That’s How We Roe: Everything you need to know about eating hairy crab in Hong Kong

Hairy crab season is now in full swing. From October to around the end of November every year, you’ll find these tasty morsels available at Chinese restaurants all over town. But just what is it, how do you eat it, and why are they so damn expensive?! Read on for our comprehensive guide on these hirsute li’l crustaceans:

What is hairy crab?

They are amazing, that’s what they are. Photo: Flickr

The Chinese mitten crab is popularly known as “hairy crab” thanks to its fuzzy claws. They’re normally found off the coasts of eastern China, most notably the Fujian province. The Shanghainese delicacy has become a Chinese favourite, with some people jokingly marking the beginning of autumn with the arrival of hairy crab season — you know, like pumpkin spice latte season, but better.


Are there different types of hairy crab?

The female species, which are said to taste their best around October, have a strong, intense flavour. There’s a very subtle aftertaste of sweetness. The male ones, on the other hand, tend to be of a bigger size, and are “in season” in November. 

It all comes down to personal preference. Some say roe found in female crabs are a little chewier than those found in male ones, which have a creamier texture. 

Escape judgement from society/ignore pressure from family members by eating whichever type you damn well please.


How do you tell them apart, then?

hairy crab underside

No dirty jokes about crabs please. Photo: Flickr

Flip the crab on its back. If you find a triangular segment on the body, it’s male (top), and a circular segment indicates that it’s female (bottom).


How the hell do you eat a hairy crab?

What an open hairy crab looks like. Photo: Flickr

Turn the crab to its underside and lift the aforementioned segment. Take your time searching for a small white piece (the crab’s heart) and remove it. It is believed that the heart has “yin”, or “cooling” properties, which is bad for the body in colder weather.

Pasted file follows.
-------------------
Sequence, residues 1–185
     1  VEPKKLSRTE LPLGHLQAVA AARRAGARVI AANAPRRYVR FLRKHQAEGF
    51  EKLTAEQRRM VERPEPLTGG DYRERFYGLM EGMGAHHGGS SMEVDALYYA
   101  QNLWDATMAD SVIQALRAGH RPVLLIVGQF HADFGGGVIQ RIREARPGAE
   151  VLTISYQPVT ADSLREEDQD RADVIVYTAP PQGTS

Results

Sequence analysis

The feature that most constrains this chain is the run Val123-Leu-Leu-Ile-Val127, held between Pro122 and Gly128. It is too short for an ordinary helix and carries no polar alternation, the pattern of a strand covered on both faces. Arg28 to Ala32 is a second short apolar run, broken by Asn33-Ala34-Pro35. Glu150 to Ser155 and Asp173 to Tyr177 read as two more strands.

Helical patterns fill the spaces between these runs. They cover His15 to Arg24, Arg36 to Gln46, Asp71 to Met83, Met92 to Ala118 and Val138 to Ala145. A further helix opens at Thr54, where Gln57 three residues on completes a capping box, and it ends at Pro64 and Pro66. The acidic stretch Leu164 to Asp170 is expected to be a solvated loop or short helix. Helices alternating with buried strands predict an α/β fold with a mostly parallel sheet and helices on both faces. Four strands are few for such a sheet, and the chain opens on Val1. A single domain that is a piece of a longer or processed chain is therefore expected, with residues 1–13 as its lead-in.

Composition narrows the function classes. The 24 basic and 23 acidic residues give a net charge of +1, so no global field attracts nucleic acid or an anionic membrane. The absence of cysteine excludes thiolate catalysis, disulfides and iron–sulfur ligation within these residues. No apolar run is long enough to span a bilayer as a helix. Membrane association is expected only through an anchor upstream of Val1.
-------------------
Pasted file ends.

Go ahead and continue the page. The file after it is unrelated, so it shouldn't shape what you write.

Open the carapace — the top shell — and remove it to reveal the rich roe beneath, then break the crab’s body in half. You can get to the flesh inside the claws with special seafood scissors (we dare you to say that three times fast) and a crab fork. Don’t forget to dispose of the gills!

Confused? Watch Coconuts’ video on how to eat crab here. Alternatively, save everyone’s time and just dine with a friend who knows how to do it (and will help you out of pity).


Where can I chow down on some hairy crab?

Fancy. Photo: Flickr

Coconuts Hong Kong’s resident foodie, Hungry Lawyer Marc Rubinstein, satisfied his hairy crab cravings at Tien Heung Lau, which specialises in authentic, if a bit pricy, Hangzhou cuisine.

In Hong Kong, restaurants offering hairy crab can charge anywhere between HKD150 to HKD800 apiece, depending on the crab’s provenance. Those imported from Yangcheng Lake are supposed to be the tastiest, so you can guess which end of the spectrum they fall on.

On a budget? Opt to cook them yourself at home. Buy them here: Shing Lung Hong Company, Sam Yeung Ho Food Company, Shanghai New Sam Yung Market.

Got too much month at the end of your money? Try these mid-range options: Wu Kong Shanghai RestaurantFoo Lum Restaurant (see locations here).

Want to go as baller as Marc? Splash out at these fancy joints: Man Wah, Lai Bun Fu, Fook Lam Moon.


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